How I paint a seascape
Living on the West Coast of Ireland with its ever present Atlantic Ocean is any artists ideal landscape for inspiration. On a good day with an off shore wind and thunderous mountains of waves breaking over the rocks in Doolin how good can it get, where the wind is so stong one could think that it is possible to lay directly against it and it would hold you up. When we were young we used to lay on the large slabs of stone with the waves breaking in just below us, listening to the stones being draged out to sea as the waves retreated. As well as watching the waves from above I also did a lot of deep sea diving of the West Coast, nothing more invigorating than being thrown around be large ten foot waves.
with the ever threat of being dashed off the large black cliffs looming above. I first started to paint seascapes when at Art School when we were taken down to a remote area in Kerry called Dun an Oir, absolutely beautiful part of Ireland especially during the spring with a howling wind and driving squalls of rain hanging off the side of a cliff trying to paint three rocks jutting out of the ocean. I did not think that I had done a bad job until one of the tutors turned up and asked me what I was painting! On pointing out the view that I was trying to render he took one look at the rocks one look at my painting and than threw me up against a near by large rock stating “did you feel that, now that is
a rock” and stalked off. The best lesson that I have ever learned on landscape painting, if you are going to paint, paint strong images that scream out of the canvas. If you want to paint the Atlantic, you have to experience it, the invigorating coldness of the sea, the strength of the waves, how the light reflects off the surface, the life beneath the surface, etc, etc.
Before I touch a painting, I primarially design it on computer using images of previous paintings as usually one painting leads into the next. This all sounds well and good and a fail save theory, but my best intensions do not usually work, as some paintings can take me years to complete, on the other hand I might have a creative flow and complete a work within a week. But I always start out with an initial design, it is probably to do
with completing my arts education with a Masters in Design from the University of Dundee for it was here that I learned how to design and how by doing preliminary designs a lot of time can be spaired. The painting on the left “The West Wind” is designed by sticking two previous paintings together that I completed earlier in the year. One of the most important aspects in painting is to have a large selection of colours from which to choose as I never mix colour and apply my paint directly onto the canvas to keep the pigment fresh and clean. The paints that I will be using for this canvas are Prussian blue, Phthalo blue, French Ultramarine blue, Burnt Sienna, Cadmiun Yellow, Viridian green and white. I will post the final outcome to see if I stick to the original design.
Pretty rough, as you can see. I wanted golds, blues, whites and browns in the sky, I painted it all on with a pallet knife. At this particular stage all you are really doing is starting up the layers of colours, to see if something will take hold or more importantly stirr your imiganation. So far nothing so onto stage two.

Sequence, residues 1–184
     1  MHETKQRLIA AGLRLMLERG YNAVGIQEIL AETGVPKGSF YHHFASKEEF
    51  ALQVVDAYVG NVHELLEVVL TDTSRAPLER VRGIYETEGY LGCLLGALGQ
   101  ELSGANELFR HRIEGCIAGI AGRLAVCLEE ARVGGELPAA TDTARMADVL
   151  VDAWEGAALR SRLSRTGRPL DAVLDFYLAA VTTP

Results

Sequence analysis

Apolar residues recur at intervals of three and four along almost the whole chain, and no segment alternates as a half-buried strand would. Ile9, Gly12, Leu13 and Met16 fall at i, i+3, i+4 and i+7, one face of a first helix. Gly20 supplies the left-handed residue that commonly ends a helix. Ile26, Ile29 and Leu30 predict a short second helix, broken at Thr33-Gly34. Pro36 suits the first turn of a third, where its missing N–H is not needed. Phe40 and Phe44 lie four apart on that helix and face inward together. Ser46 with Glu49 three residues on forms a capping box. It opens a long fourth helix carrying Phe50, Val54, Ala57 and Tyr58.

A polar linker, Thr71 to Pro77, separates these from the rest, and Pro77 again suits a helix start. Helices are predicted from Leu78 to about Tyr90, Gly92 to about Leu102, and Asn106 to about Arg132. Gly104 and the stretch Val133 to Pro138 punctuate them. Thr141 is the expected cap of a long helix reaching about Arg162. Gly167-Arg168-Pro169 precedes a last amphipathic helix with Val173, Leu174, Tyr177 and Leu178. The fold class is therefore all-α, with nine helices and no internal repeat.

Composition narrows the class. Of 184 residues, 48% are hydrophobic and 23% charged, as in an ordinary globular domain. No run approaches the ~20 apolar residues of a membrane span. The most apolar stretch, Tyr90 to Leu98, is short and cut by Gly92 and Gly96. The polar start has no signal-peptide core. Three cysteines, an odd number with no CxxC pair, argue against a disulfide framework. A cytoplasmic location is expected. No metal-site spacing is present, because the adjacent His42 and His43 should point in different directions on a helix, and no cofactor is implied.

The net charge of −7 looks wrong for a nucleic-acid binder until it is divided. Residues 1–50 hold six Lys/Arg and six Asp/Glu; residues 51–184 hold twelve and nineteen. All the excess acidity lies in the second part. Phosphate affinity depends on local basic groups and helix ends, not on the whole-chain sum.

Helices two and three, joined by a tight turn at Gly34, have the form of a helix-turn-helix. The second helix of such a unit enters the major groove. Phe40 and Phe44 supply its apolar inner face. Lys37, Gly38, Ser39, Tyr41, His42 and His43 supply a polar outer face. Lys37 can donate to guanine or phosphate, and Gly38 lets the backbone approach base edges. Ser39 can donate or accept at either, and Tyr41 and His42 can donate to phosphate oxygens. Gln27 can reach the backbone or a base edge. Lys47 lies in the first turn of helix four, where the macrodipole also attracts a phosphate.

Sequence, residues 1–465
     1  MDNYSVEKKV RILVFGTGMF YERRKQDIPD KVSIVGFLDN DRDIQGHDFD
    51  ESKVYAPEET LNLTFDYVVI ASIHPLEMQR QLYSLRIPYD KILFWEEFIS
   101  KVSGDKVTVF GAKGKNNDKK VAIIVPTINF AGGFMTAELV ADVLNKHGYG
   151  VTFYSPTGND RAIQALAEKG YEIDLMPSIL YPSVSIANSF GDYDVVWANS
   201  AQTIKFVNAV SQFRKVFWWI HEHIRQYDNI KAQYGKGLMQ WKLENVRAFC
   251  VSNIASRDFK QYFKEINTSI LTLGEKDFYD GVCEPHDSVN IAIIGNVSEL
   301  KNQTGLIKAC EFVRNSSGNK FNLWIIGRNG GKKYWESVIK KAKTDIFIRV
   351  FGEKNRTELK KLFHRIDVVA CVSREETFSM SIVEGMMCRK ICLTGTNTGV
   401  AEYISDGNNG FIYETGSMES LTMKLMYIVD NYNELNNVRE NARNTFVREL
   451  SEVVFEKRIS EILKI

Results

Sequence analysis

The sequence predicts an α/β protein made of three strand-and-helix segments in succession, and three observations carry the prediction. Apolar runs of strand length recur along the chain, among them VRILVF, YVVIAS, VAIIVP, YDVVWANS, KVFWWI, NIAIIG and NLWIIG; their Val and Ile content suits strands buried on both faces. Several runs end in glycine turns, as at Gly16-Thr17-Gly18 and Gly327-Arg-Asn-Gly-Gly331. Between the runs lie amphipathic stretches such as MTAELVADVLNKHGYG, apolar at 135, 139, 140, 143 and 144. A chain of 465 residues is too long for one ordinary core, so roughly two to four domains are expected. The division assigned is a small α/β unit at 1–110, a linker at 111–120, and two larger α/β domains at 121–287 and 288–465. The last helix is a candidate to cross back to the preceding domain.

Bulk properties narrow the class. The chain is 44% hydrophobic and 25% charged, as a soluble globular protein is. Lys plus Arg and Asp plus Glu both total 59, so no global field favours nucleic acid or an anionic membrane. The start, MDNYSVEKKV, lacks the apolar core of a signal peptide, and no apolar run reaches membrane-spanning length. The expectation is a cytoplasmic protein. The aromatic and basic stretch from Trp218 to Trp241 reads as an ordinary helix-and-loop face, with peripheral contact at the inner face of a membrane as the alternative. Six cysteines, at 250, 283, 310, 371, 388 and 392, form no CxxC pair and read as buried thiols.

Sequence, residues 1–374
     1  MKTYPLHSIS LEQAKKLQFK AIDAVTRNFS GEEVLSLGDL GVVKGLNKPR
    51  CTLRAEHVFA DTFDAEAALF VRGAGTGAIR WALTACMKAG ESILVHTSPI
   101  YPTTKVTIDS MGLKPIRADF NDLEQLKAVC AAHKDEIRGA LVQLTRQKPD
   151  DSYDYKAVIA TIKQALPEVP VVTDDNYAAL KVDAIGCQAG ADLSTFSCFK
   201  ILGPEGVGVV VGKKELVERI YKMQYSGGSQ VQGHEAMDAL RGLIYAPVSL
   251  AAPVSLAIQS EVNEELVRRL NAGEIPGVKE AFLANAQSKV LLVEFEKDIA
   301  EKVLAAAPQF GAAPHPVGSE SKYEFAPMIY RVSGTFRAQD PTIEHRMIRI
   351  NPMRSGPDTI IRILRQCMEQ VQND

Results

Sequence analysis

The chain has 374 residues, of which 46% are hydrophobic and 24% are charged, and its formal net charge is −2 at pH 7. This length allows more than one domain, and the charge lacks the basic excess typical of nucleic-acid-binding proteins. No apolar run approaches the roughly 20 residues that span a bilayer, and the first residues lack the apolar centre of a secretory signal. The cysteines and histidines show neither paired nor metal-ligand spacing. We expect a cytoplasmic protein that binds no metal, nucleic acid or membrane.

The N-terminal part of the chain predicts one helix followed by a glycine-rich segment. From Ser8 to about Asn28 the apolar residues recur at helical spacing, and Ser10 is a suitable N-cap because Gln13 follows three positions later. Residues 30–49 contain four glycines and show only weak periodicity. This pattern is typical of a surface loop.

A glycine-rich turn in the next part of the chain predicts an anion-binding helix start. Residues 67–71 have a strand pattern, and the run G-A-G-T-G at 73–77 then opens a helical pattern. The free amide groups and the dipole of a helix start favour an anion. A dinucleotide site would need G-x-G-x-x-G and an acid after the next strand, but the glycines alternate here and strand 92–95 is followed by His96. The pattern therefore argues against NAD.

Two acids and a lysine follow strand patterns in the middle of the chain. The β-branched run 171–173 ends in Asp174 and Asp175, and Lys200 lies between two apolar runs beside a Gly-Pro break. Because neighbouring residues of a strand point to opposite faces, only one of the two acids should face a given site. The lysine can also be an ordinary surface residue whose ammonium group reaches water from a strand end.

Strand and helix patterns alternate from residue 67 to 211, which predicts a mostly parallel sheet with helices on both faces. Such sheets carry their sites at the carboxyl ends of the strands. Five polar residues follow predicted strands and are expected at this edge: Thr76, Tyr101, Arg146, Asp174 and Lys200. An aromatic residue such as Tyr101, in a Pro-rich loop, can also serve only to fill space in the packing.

I liked the right hand side of the painting, I liked the way the colours were forming in bands like light streaming through the sky. To get this particular effect, I just dragged the colour at an angle down towards the rocks, with a pallet knife. I also started to blend the colour here, once again I used a pallet knife. I have a favourite pallet knife, it is diamond shaped and very sturdy, and I have it for about ten years. I have tried out other knifes but they just dont give me the effect that I want. I fear the day that this knife goes missing or breaks.
Now I am blending the colour more, and I have decided that the sea looks like there needs to be more of it on the horizon. I wanted to create a particularly stormy look. Everything is starting to blend in a lot more, once more my main instrument of torture is the pallet knife and maybe a bit of finger work.
I cant remember is I turned this vertically intentionally to see what it would look like in another direction or when I was moving it did I turn it vertically. Whatever the reason I have now decided that the painting looked an awful lot better this way. I thought that the lower left of the painting looked like the torso of a woman and for some reason or another I always mentally connect a vase having a lot of similar attributes with a womans torso.
When I am painting although I always start out with a preliminary design for the canvas, so far thanks be to God, the paint always has dictated as to what the final outcome will be.
Stage 5, Where has the sea gone? SEA GONE WRONG
So this is what happens, my seascape turned into a vase with a bunch of flowers. I am sitting here laughing, so much for that lesson on how to paint a seascape. It should have been a lesson on how to paint a bunch of flowers!
It is all about the thought process and the creative impulse. The most important aspect of painting is never be afraid to destroy your work. As a famous man once said
“Distruction is then the road to creation.
Brilliance is the result of lucky breaks, but, certainly not chance”. Isamu Noguchi
It is very important to take a chance, turn your painting on its head, something might just appear that will get you thinking.